Judaeo-Spanish, sometimes called "Ladino Oriental" (Eastern Ladino), was a Romance language derived from Old Spanish, incorporating elements from all the old Romance languages of the Iberian Peninsula, Hebrew and Aramaic, and was spoken by what became the Eastern Sephardim, who settled in the Eastern Mediterranean, taken with them in the 15th century after the expulsion from Spain in 1492.This dialect was further influenced by Ottoman Turkish, Levantine Arabic, Greek, Bulgarian and Serbo-Croatian vocabulary in the differing lands of their exile.
For religious purposes, and in modern Israel, "Sephardim" is most often used in this wider sense which encompasses most non-Ashkenazi Jews who are not ethnically Sephardi, but are in most instances of West Asian or North African origin, but who nonetheless commonly use a Sephardic style of liturgy.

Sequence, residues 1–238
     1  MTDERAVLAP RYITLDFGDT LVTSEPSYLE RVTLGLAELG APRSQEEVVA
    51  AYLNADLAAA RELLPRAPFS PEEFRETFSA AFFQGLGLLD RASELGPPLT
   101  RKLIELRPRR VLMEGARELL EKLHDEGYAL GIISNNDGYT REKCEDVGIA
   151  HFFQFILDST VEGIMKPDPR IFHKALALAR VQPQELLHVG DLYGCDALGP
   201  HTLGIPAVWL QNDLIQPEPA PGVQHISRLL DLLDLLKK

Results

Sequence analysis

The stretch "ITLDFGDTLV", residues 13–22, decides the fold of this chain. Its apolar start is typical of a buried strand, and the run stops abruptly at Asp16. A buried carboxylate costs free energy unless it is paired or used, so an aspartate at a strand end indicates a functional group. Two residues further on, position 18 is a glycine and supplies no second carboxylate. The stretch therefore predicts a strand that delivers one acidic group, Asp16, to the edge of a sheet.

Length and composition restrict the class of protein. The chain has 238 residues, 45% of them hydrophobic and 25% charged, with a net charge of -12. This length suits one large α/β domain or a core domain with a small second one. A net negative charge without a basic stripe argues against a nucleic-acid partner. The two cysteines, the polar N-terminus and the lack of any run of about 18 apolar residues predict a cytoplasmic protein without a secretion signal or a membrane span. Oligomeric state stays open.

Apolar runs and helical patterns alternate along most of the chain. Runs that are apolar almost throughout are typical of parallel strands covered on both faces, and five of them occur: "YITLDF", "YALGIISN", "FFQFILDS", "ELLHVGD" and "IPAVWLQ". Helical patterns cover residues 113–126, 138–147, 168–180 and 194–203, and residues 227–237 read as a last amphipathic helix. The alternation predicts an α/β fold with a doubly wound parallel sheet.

The term Sephardi in the broad sense, thus describes the nusach (Hebrew language, "liturgical tradition") used by Sephardi Jews in their Siddur (prayer book).
Additional to all these Sephardic Jewish groups are the descendants of those New Christian conversos who either remained in Iberia, or moved from Iberia directly to the Iberian colonial possessions across what are today the various Latin American countries.
The descendants of this group of conversos, for historical reasons and circumstances, were never able to formally return to the Jewish religion.
Over half of Spain's Jews had converted as a result of the religious persecution and pogroms which occurred in 1391, and as such were not subject to the Decree or to expulsion, yet remained under the watchful eye of the Spanish Inquisition.